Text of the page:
MapCruncher enables a user to take existing road maps and aerial imagery and overlay particular, specialized maps to create unique mash-ups tailored to the user’s specific interests . . . “MapCruncher empowers anybody in the world to take whatever data is important to them,” explains Elson, the project lead, “and share it with everybody else in a format that makes all of these types of data interoperable.”
“Microsoft Word processors made it easy for anybody to create documents that look good and distribute them to everybody in the world. Web-authoring tools like Microsoft FrontPage made it easy for anybody, even without technological expertise, to produce content that was then exportable to anybody in the world. Maps are not in that state right now; you have to be an expert, and we’re trying to change that. We’re trying to make it so that anybody who has interesting data can publish their map to the world.”
“In the future,” Howell says, “you’ll be able to just take all these layers and put them together yourself in a browser and bookmark it. Adding layers to each other will be as simple as bookmarking something in your browser today. Once all of these things are placed into the global coordinate system, they can all be combined with each other in ways that the people who created the data never even envisioned.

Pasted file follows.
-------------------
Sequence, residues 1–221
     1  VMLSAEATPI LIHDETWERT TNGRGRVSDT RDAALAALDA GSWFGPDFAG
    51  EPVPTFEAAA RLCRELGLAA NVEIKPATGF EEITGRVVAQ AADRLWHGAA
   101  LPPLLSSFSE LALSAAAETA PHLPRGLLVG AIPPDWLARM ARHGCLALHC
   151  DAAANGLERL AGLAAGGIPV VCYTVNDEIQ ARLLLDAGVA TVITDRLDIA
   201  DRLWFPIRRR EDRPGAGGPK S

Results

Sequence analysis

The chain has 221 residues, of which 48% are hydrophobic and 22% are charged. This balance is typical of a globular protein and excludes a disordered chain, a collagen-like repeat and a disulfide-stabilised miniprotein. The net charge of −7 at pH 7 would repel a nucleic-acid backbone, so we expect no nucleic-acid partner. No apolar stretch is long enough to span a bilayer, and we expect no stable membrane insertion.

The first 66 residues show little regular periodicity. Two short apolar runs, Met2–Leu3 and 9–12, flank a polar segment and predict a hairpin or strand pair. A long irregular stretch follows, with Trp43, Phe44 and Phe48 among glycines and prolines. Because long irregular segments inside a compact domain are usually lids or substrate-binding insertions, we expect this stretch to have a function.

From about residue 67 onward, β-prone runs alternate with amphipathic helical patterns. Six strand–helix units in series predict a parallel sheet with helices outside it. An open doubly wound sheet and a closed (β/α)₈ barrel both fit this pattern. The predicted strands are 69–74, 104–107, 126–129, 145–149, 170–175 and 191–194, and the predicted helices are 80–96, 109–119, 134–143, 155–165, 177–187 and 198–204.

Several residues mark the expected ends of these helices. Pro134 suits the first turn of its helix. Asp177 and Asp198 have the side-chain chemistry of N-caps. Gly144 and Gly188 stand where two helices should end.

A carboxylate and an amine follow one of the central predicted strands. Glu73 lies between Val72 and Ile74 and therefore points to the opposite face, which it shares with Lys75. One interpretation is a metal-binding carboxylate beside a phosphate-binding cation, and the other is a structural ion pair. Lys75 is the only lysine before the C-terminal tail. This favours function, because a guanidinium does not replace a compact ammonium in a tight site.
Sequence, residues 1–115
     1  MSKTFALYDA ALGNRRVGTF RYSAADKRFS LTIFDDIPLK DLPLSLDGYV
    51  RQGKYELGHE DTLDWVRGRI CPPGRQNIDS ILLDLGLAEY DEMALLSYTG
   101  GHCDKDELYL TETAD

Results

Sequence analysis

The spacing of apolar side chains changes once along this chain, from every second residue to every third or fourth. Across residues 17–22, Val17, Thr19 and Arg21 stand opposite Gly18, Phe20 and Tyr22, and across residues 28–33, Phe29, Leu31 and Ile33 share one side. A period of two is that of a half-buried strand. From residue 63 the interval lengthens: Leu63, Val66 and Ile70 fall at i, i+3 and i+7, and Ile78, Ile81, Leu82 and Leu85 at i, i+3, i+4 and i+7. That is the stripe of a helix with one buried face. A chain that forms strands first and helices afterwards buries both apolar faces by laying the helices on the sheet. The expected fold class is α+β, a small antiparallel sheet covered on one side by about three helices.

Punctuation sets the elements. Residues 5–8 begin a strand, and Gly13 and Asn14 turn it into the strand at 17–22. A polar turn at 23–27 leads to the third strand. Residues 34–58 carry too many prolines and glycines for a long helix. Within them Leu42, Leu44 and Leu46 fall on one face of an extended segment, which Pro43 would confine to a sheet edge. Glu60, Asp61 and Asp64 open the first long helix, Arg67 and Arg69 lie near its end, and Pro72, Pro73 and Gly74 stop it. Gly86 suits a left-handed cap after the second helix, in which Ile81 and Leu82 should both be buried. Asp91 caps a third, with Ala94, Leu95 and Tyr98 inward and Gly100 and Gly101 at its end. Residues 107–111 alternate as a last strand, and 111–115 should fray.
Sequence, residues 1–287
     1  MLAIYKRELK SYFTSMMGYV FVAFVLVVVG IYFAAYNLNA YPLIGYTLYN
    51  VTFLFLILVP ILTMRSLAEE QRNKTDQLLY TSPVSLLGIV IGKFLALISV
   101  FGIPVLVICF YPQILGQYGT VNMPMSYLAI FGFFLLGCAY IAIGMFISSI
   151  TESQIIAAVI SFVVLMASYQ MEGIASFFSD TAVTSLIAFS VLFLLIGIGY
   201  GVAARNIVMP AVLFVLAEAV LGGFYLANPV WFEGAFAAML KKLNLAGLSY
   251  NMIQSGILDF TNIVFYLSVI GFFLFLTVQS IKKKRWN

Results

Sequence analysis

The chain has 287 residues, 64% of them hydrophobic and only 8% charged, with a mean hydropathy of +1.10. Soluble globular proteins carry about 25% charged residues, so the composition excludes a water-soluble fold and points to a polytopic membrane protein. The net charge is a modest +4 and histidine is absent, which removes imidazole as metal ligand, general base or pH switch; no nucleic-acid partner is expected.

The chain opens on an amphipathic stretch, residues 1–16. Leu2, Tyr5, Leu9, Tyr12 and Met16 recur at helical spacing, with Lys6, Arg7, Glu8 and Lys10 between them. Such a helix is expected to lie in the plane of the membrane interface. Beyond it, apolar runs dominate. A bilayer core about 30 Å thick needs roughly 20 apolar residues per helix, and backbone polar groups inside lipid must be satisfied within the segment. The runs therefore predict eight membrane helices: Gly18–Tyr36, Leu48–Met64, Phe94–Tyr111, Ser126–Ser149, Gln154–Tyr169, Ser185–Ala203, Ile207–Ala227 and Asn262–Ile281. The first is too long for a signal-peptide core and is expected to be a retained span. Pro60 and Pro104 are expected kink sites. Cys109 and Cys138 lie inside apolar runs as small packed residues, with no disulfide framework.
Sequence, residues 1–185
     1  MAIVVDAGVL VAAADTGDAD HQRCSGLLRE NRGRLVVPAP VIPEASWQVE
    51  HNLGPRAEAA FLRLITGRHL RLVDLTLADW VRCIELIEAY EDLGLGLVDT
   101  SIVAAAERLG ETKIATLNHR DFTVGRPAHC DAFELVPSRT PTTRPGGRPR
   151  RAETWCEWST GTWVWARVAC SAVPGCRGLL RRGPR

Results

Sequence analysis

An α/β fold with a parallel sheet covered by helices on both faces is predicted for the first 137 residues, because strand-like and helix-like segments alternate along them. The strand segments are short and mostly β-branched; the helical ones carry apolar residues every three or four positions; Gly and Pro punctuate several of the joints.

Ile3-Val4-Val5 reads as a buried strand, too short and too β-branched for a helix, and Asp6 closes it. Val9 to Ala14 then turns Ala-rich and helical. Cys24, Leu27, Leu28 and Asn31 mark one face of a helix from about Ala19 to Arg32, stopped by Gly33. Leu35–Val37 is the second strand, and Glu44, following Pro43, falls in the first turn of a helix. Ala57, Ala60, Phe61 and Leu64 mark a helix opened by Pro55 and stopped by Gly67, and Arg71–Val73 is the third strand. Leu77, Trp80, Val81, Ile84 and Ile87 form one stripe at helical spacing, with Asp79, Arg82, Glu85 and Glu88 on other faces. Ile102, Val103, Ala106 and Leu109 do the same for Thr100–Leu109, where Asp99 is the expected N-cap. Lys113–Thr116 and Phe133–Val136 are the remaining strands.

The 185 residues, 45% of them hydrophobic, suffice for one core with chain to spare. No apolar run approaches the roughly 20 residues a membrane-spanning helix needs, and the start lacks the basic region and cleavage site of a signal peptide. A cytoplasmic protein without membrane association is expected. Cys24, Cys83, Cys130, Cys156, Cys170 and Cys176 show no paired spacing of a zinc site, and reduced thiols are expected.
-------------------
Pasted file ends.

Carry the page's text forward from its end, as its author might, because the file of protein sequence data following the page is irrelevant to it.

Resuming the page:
“When you start to see map layers that are not created by a single person, but become a group effort by lots of people interested in the same thing … When we start to see that, I think then we’ll know it’s caught on.”
It remains to be seen if maps and mashups become that easy to create — I hope these claims are real — so that "ordinary people" can build and collaborate on them. It opens the door to mapping as a "social networking" tool and all sorts of unimagined creative uses for maps. Right now it still seems like a tool for developers more than the product they're describing in the discussion above.